By  on October 31, 2011

SHANGHAI — China is becoming more about China.

As the spending power of the nation’s consumers increases, more and more Chinese brands are targeting the domestic customer, creating a market for higher-end Western mills as well as for local textile producers looking to offset a decline in demand from abroad.

At the Intertextile trade fair here, China as a market for Western firms — plus the ongoing issues of spiraling inflation and labor costs — were the two main themes that emerged.

“In terms of apparel fabrics, this is one of our most important shows, because this is where the market is right now,” said Wendy Wen, textile trade fair director for Messe Frankfurt Hong Kong, the organizer of the event. “It’s all about market and demand. China is really an emerging market, and we don’t know where it will lead.”

Of the 3,000 or so exhibitors, more than 900 were not from China, a 20 percent increase from the year before, according to Messe Frankfurt. The number of manufacturers from Japan increased 72 percent from 2010. Overall, there were 62,000 buyers, a 10 percent increase from the previous year.

Wen said organizers plan to shift their focus on quality of exhibitors, visitors and products to meet the growing demand from an emerging segment of cash-flush Chinese brands looking to differentiate themselves from competitors by using expensive materials, particularly from Europe. The 2012 fair will feature a new premium hall to showcase European luxury fabrics and accessories.

“Many of our Italian exhibitors have commented that Chinese buyers are becoming more sophisticated and refined, more European even when sourcing fabrics,” Wen said. “Chinese buyers are now sourcing quality versus quantity, yet they still prefer classics over trendy men’s wear fabrics, especially for suiting.”

Chinese buyers were said to be looking for bonded fabrics, water-repellent materials and cashmere-touch cottons from Italian mills at the three-day event that wrapped up Oct. 21.

Manfred Borchers, head of marketing and sales for Dralon, a maker of acrylic fibers, said there is a growing interest among Chinese buyers in natural and synthetic blends. The interest, he said, comes from a concern that natural fibers, like cotton, may become more scarce.

“They are aware natural resources will go down in the long run, so they want to be prepared for future developments,” Borchers said. “Sustainability is a big issue in China.”

Borchers said he is also seeing more demand from Chinese underwear brands for new product developments, such as thermal technologies.

For those who were there to source from the Chinese, the picture was a bit more bleak. Rising labor costs, inflation and an appreciating currency are making it harder for foreign buyers to bargain with domestic manufacturers who are now shifting their once export-oriented business inward to the domestic market.

“It’s really tough,” said Janette Griffiths, director of the U.K.-based Adlin Designs Ltd., which makes garments for Marks & Spencer. “The dollar against the pound is really difficult, and we buy in dollars, so that is making the Chinese prices high.”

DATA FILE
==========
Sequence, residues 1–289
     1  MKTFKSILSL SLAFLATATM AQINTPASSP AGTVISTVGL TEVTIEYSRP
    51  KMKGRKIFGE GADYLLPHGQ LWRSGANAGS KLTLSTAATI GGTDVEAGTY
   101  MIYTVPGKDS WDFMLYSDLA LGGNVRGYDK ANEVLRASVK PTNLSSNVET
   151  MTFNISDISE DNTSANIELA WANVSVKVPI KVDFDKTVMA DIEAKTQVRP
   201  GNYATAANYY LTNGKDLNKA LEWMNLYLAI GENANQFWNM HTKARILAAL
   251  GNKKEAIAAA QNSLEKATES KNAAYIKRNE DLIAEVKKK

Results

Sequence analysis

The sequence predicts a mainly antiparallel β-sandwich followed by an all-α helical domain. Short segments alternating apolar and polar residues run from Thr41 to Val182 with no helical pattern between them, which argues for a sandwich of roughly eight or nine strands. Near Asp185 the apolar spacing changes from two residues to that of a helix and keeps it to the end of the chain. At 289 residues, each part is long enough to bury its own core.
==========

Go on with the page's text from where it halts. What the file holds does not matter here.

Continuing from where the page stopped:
Domestic manufacturers continue to demand down payments of up to 30 percent, and if prices are not locked in within one week of placing an order, they will be raised, Griffiths said.

“You have to be really tough with them,” she added.

Chinese fabric makers also pointed to currency shifts as the main culprit for reducing their export business. The value of the yuan remains of major concern in the West, with growing pressure from members of the U.S. Congress to declare China a currency manipulator. President Obama is resisting the pressure, while the Chinese government has said that if that does take place, a trade war could result.

“The Chinese currency is very high, so I think our company will delete some foreign customers and start to take more Chinese orders,” said Jimmy Jiang, a sales executive with Firstextile Co. Ltd., a manufacturer based in Jiangsu Province near Shanghai, which specializes in yarn-dyed poplin, dobby and stretch.

“Foreign customers can only give us lower prices on fabrics and garments, so there is only a little profit per order. But for Chinese orders, we can earn a lot of money,” he said. “They are willing to pay more.”

Buyers from other emerging markets are, it seems, also willing to pay more for premium product lines, which, according to Vivek Aggarwal, head of the New Dehli-based Mangla Apparels India Pvt. Ltd., are being produced more by Chinese manufacturers looking for new ways to improve the bottom line.

“It is clear now China is not meant for the budget product,” said Aggarwal, who attended the Shanghai fair to buy rich fabrics with mixed blends. “They are going toward value addition and differentiation. We are buying in India, but we also need the Chinese.”

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